For Now It’s Part of You

Is it odd that, during these calamitous times, I’m leaning back into pop culture so hard? Surely not; there’s a relief and release in being able to find escape from everything hellish in music, movies, or whatever, even if I find myself increasingly worried that such things are frivolous. The authorities are at war with the people every night downtown, using tear gas and “less lethal” ammunition,  and yet here I am becoming newly obsessed with Michael Nesmith songs from more than half a century ago. Is that understandable, or is it obscene?

Nonetheless, listening to “Tapioca Tundra” lately brings an odd sense of calm, somehow. It’s from the album The Birds, The Bees and The Monkees, which is to say, the theoretical down slide of the band’s career — Peter Tork barely appears on the album — and it’s an album that’s ostensibly a bunch of solo records mashed together, but the song itself was about the Monkees as a music unit, the group identity that was greater than the sum of its parts, according to Nesmith.

I’ll take his word for it, because the lyrics of the song — often referred to as a “lyric poem, set to music,” which feels like a particularly pretentious way of saying “ you know, like other songs” — are obtuse, to say the least: “Reasoned verse, some prose or rhyme/Loses themselves in other times/And waiting hopes cast silent spells/That speak in clouded clues/It cannot be a part of me/For now it’s part of you” runs the first verse. Exactly…?

It is, of course, the sound of the song that makes sense. I find “Tapioca Tundra” a very pleasant, relaxing listen. There’s something about the rushing, insistent sound, the mix of country and psych and folk that reminds me so much of the band Love, that makes me happy and calms me down, for want of a better way to put it, even before we get to the outrageously shameful, thrilling lift of the riff from the Byrds’ “I’ll Feel A Whole Lot Better.” For something that may just be a thrown-together piece of nonsense to fill an album, it’s got this charm about it that I can’t deny.

366 Songs 215: PO Box 9847

Whether it’s the sinking strings, the thumping piano or rolling drums, there’s a ridiculous amount to love in this song, and that’s before you even get to the fantastic, tongue-in-cheek lyrics (“I’ve been writing advertising/That’s not really me”). This is from a relatively late-era Monkees album, The Birds, The Bees And The Monkees, recorded after Peter Tork had left the band, but they were still cherrypicking the best material from other writers; this is a Tommy Boyce and Bobby Hart-written song, and the two had actually recorded it themselves earlier, in an almost equally-enjoyable version:

There are a lot of love songs about being in love, or unrequited love, or losing love. There aren’t that many about wanting to be in love, or advertising yourself for the experience. If they could all be as good as this one, I’d heartily co-sign any petition you’d want to change that.

366 Songs 208: Circle Sky

There’s a lot to love about “Circle Sky.” Where to start…?

Let’s go with the bassline, Peter Tork happily bobbing up and down the scale and keeping the whole thing grounded – There are times when it’s the clearest thing in the mix by far, weirdly enough – while Mike Nesmith outjangles the best of them and Mickey Dolenz drums his little heart out in the background (Davy Jones, as you can see in the video, doesn’t contribute that much, all told). Or Nesmith’s epic, half-yodel vocals as he sings about some kind of 1960s psychopolis that is “a very extraordinary scene to those who don’t understand” and yet, somehow, seems quite appealing the way he puts it.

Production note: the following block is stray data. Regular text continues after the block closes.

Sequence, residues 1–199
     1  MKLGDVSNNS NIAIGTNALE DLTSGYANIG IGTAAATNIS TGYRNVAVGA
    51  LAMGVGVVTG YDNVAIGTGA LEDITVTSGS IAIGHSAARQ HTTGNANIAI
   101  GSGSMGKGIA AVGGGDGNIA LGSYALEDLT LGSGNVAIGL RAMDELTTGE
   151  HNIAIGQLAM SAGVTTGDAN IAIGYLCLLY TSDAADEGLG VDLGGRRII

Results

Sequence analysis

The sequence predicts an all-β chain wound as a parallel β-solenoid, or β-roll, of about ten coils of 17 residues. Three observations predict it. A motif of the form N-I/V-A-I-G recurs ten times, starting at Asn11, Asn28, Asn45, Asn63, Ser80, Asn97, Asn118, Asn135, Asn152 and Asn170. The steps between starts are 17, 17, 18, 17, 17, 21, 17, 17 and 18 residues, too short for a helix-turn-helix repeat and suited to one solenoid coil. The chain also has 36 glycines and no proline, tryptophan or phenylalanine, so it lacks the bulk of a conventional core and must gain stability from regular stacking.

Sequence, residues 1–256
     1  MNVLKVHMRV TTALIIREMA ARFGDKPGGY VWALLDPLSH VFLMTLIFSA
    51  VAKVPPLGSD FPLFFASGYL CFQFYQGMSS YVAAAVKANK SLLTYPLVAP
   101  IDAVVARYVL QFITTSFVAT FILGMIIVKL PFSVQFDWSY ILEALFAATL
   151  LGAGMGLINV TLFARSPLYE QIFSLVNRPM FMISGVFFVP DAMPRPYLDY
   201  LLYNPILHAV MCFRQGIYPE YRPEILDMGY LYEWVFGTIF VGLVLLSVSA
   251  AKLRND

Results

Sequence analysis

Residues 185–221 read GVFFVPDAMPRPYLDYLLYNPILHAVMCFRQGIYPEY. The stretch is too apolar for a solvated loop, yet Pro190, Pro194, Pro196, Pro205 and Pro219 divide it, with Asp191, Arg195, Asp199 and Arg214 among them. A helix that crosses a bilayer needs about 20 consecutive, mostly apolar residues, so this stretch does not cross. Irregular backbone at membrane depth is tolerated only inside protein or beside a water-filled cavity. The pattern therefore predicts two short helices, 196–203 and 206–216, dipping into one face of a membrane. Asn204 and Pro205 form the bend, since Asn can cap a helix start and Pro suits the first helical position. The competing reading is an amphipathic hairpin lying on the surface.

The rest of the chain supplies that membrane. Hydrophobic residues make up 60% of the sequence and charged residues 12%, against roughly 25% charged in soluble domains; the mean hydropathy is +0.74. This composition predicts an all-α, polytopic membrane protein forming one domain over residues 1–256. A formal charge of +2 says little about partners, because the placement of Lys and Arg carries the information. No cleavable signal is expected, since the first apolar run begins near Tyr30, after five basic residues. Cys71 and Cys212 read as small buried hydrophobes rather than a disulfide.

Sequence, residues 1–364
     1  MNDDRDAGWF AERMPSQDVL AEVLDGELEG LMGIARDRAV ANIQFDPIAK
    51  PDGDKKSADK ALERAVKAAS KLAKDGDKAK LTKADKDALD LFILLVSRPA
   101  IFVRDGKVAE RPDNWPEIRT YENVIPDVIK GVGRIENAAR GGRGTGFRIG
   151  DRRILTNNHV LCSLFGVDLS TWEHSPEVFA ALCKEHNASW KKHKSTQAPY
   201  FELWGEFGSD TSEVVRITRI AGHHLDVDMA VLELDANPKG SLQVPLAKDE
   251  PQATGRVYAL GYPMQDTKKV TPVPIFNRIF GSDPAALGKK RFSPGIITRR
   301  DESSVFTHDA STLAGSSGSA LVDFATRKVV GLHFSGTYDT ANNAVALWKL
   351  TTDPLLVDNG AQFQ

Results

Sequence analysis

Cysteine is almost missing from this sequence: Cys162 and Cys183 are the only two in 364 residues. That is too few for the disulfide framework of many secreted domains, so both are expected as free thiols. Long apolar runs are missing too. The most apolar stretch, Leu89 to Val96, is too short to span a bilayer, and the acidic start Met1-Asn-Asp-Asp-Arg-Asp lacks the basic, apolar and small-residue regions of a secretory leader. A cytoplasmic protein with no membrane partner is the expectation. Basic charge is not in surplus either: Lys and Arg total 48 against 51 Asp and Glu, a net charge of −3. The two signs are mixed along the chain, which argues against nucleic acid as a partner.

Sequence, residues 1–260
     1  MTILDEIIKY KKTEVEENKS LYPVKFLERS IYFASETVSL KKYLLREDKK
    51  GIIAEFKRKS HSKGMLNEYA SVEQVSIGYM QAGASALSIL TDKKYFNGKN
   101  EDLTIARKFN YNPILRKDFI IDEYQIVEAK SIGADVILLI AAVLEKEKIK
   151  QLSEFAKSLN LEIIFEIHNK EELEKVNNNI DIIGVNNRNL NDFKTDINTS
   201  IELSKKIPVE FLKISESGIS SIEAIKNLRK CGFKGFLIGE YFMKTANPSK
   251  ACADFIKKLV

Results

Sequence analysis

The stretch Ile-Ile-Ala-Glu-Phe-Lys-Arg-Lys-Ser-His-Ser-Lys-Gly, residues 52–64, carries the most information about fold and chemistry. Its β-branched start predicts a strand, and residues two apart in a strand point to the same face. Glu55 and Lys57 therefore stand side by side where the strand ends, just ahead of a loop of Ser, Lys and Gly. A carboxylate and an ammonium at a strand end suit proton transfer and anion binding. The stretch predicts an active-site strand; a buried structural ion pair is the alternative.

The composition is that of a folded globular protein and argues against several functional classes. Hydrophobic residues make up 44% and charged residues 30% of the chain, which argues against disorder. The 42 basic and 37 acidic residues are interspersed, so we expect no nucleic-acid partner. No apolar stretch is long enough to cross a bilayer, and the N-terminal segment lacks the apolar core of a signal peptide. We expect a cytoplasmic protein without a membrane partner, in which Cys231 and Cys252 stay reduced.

It’s a song from Head, which for my money is the best ’60s band movie – Yes, better than any of the Beatles’ efforts – and one of the most interesting counterculture movies ever made, but also something that’s home to some of my favorite Monkees music; “As We Go Along,” “Long Title (Do I Have To Do This All Over Again),” even the version of “Daddy’s Song” – They’re all really good songs, and examples of the weird music hall psych pop(corn) that the Monkees offered at their best. None of the above, however, is why I chose this song for #208 in this series. No, instead, I chose it because – after something like three months of running behind, this entry finally means that I have caught up with the number of days in the year to date, meaning that I am – for the first time since February, I think – back on track for a “One Song A Day” plan for this series. “It looks like we’ve made it once again,” as Nesmith sings. Let’s see if I can keep up this pace so that I can get to the next line, “It looks like we’ve made it to the end!”

366 Songs 058: As We Go Along

There’s a gentleness and ease to “As We Go Along” that always appeals to me; the opening, mixing acoustic and electric guitars, sounds like a summer morning for reasons that I can’t really explain, and even when Mickey Dolenz’ vocal begins and the bass starts appearing in the bottom, everything remains lovely placid; it’s a song that feels sleepy not in a narcotic hazey kind of way, but a slowly awakening at your own speed way – Even when the song builds with the “Open your eyes/Get up off your chair” lines, it does so slowly and in such a way that you feel pulled along with it, gently and encouragingly (I thank the flute for that). This is a loving song, entirely and completely, a song that wants the best for you in a way that only really makes sense in the era before the mellow singer-songwriter era of the 1970s, before music fragmented to the point where that genre seemed to steal this kind of song away from the pop bands entirely.